Sports

BEN VOLIN | ON FOOTBALL

Roger Goodell and NFL have grossly overreacted to Deflategate

FILE - In this Jan. 30, 2015, file photo, NFL Commissioner Roger Goodell participates in a news conference for the NFL Super Bowl XLIX football game in Phoenix. Goodell said during the Super Bowl great progress had been made regarding conduct across the league. Yet early into 2015, there have been more than a half-dozen players arrested, a star suspended, an agent indicted, a popular player entering rehab and a Hall of Famer fired. (AP Photo/David J. Phillip, File)

David J. Phillip/AP file

NFL commissioner Roger Goodell.

INDIANAPOLIS — Robert Kraft was right. Roger Goodell does owe an apology.

But not just for staining the reputations of Kraft, Bill Belichick, Tom Brady, and the Patriots organization leading up to the Super Bowl last month.

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Goodell owes an apology to all 32 NFL owners. Because this whole Deflategate mess has been badly mishandled by the league office from the start. And it makes the NFL leadership look like a bunch of people who can’t keep their own house in order. Again.

The key issue with Deflategate no longer is, “Did the Patriots cheat?” And it’s not, “Did the Colts and/or Ravens set up the Patriots?”

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It’s, “Why did Goodell and the NFL launch a full-scale investigation into this matter in the first place?”

Goodell mishandled the Ray Rice and Adrian Peterson fiascos last year, so he got tough with Deflategate, siccing his best and brightest investigator onto the matter — attorney Ted Wells, who got to the bottom of the Dolphins’ bullying scandal last year. He’ll get to the bottom of this one, no doubt.

But by treating it like the Warren Commission, and not as a minor procedural incident that had no effect on the outcome of the AFC Championship game whatsoever, Goodell and the NFL have exposed to the world that the league is, well, kind of a clown show when it comes to following its own rules and procedures.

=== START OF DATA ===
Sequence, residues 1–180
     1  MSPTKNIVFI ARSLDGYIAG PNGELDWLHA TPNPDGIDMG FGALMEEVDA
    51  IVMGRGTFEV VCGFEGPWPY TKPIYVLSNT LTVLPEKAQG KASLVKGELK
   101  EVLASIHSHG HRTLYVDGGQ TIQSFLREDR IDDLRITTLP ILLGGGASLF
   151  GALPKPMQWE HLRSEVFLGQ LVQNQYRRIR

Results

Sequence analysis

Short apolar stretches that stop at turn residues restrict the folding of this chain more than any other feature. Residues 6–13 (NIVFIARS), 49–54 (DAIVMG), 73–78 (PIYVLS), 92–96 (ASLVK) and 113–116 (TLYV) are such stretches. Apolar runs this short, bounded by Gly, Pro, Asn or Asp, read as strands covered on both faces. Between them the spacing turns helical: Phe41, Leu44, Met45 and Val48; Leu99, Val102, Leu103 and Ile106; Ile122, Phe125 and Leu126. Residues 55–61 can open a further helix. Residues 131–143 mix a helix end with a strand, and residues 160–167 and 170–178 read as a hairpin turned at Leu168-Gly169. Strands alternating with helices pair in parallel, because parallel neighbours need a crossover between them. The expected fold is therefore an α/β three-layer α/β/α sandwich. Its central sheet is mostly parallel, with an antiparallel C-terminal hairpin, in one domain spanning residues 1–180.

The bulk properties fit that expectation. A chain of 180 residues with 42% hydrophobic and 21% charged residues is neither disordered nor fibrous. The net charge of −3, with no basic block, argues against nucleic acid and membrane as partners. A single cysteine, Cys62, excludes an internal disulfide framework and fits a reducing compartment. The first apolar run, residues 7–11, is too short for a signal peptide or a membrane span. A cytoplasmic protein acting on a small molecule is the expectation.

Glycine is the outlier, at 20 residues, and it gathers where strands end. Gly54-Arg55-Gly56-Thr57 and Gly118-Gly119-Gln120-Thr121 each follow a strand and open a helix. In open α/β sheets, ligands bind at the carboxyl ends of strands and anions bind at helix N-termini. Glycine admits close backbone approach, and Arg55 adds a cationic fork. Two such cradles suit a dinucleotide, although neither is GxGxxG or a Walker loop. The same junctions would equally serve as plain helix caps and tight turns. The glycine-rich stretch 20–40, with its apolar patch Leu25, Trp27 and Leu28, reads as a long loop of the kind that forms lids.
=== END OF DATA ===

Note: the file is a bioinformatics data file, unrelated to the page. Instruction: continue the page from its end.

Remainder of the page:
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Just this week, we’ve learned that there were two separate ball issues in the game: the Patriots’ underinflated footballs and the unapproved special teams ball that was almost put into play by an unknowing Patriots employee, Jim McNally. Why was he unknowing? Because the league employee responsible for providing the footballs was secretly stashing them so he could sell them for personal gain.

When another league employee noticed a football was missing, the offending employee handed McNally an unapproved football. This man, named Scott Miller, according to ProFootballTalk.com, has since been fired for his transgressions.

We also learned that the league had been suspicious of Miller for a while, per ESPN, but still tapped him to work the AFC Championship.

And Thursday at the NFL Combine, we learned that Colts general manager Ryan Grigson alerted the NFL to potential issues with the Patriots in the days leading up to the game. Yes, this was already on the NFL’s radar prior to kickoff. And it happened anyway.

It didn’t have to be this way, of course. The matter didn’t demand investigators and sleuths and more than 40 interviews and a full written report. The appropriate way to handle it would have been for Goodell to say, “It’s unclear if the footballs were purposely doctored, but gamesmanship has long been a part of the NFL and professional sports. Teams and players always have, and always will, look for ways to bend the rules. We will bring this issue up to the Competition Committee at our annual meeting, and look to clean up and strengthen our policies.”